2.  Of course, while you are busy beating yourself up and tearing your heart apart because you “made” your child autistic, a group of adult autistic persons will be right there to kick you while you’re down by telling you what a complete failure you are as a parent and human being for having even ONE negative feeling about your child’s autism or for thinking for EVEN ONE SECOND that it is something bad or that could or should change.  This applies whether you parent a child with mild echolalia or a compulsive tendency to smear feces on the carpet and bedroom walls.

3. Your pain won’t end there, though.  Is your child one of the 1:68 US children who are autistic?  You’re faking it!  Does your child participate in ABA therapy?  You’re a child abuser!  Do you have a child “with autism” instead of an “autistic child?”  You don’t respect your child!  Do you think parenting a child with special needs, educational challenges, sensory processing disorder, language processing disorder, obsessive compulsive tendencies (oh – I’m sorry – focused joy), sleep disturbances, social anxiety, motor skill limitations and food sensitivities is difficult?  You do not love your child!  Do you want to talk or think about a cure for autism?  You’re an enemy combatant!  Do you focus on autistic children – maybe because you’re in the midst of raising one?  You are robbing autistic adults of their “voice”!  Do you have even an ounce of understanding for how a parent raising an exceptionally challenging child might reach the end of her rope when she has NO HELP and no resources?  Murderer! Murderer sympathizer! Do you fight with your school district to get your child the free, appropriate public education to which s/he is legally entitled because you are legally obligated under compulsory education laws to send him/her to school?  You are taking limited resources away from kids who can “actually” use them!  Does your child sometimes (or often) experience anxiety / panic attacks or respond to sensory overload in public places by yelling, crying or lashing out?  You are a lazy parent who overindulges her child! Do you ever wish you could travel, dine in restaurants, see a movie, cook only one meal at dinner or do any other activity you used to do before accommodating your child’s needs became your paramount concern?  You are a privileged asshole!  Someone call Child Protective Services!  Do you support [fill in autism-focused organization here]? You are a moron!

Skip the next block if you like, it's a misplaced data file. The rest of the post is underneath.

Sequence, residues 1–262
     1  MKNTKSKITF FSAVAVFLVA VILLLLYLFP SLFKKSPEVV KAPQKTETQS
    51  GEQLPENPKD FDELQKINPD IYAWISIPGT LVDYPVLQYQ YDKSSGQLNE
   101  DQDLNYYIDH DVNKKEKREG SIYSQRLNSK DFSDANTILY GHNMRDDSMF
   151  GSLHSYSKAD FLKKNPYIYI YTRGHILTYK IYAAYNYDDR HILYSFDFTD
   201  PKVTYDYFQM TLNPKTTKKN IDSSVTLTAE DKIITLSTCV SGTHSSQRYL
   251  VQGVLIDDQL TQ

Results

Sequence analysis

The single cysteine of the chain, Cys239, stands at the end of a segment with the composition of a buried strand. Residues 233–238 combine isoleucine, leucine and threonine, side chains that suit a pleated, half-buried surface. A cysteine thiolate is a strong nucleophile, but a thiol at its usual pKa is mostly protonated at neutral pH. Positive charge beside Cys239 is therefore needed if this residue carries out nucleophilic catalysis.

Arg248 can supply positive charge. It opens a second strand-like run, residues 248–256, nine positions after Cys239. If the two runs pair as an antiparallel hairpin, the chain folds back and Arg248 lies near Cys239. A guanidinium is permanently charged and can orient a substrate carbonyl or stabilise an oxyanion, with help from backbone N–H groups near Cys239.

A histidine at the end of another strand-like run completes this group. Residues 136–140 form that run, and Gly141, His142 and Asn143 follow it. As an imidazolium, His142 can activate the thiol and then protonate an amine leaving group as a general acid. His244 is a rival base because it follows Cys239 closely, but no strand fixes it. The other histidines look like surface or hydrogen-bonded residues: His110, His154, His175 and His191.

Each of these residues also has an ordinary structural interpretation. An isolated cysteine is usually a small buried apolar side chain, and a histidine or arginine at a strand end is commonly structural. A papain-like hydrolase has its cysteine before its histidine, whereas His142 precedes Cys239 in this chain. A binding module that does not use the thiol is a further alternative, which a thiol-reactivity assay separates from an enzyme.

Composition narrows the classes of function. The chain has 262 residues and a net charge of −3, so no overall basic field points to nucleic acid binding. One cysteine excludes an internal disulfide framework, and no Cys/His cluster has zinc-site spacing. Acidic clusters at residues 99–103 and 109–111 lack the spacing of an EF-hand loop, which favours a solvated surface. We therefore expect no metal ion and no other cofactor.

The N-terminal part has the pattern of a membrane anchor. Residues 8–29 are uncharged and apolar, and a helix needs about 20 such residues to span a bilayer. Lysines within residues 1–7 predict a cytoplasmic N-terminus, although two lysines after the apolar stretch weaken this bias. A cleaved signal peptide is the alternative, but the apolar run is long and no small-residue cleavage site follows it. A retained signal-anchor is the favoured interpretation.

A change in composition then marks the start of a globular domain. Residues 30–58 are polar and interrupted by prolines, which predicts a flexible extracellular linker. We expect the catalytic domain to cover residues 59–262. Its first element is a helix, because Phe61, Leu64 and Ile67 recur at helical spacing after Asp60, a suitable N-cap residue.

I’d like to say that this list is tongue-in-cheek, but these are frighteningly accurate paraphrases of comments I’ve read in response to blog posts, news stories, articles, videos, etc.  And, as a consequence of all this, I am now “aware” that the biggest danger to my daughter really isn’t the broader public and it’s “ignorance” about autism.  It’s the damn Internet and the people who think a wi-fi connection and a keyboard entitle them to harshly criticize the heart-rending/difficult/painful AND the joyful/amazing/euphoric experiences of being autistic or loving/caring for an autistic person.  Have I gotten some sideways glances and unsolicited advice about my daughter from strangers when we are out in public?  Yes.  But, those incidents are few and far between, and they DO NOT outnumber the times when a stranger has offered an unsolicited POSITIVE remark.  No one has ever had the chutzpah to say to me face-to-face some of the awful, hurtful, mean and provoking things people write to me (and other parents) on the Internet.

So, this month, I won’t ask you to light anything up blue, to sport any puzzle pieces or post memes about being “au-some.” Really, when you think about it for just a moment, autism “acceptance” comes down to little more than just being “aware” of someone other than yourself, being a patient, decent, kind human being, and thinking before speaking.  If it makes you feel better/productive/more informed, go ahead and read about Carly, Temple, John or what was curious about the dog at night.  But, if you want to do something that will make a difference in my daughter’s life and the lives of everyone touched by autism (which is ALL OF US, btw), here’s a list of my suggestions to get your started: